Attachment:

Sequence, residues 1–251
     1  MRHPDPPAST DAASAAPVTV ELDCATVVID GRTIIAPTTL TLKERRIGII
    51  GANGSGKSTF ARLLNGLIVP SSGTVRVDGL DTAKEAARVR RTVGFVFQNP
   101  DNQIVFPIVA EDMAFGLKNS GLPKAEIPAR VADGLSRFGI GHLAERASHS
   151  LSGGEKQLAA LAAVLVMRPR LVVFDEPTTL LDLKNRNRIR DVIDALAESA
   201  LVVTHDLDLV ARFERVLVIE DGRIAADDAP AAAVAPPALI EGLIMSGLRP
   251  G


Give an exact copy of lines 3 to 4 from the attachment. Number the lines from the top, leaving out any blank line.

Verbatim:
    51  GANGSGKSTF ARLLNGLIVP SSGTVRVDGL DTAKEAARVR RTVGFVFQNP
   101  DNQIVFPIVA EDMAFGLKNS GLPKAEIPAR VADGLSRFGI GHLAERASHS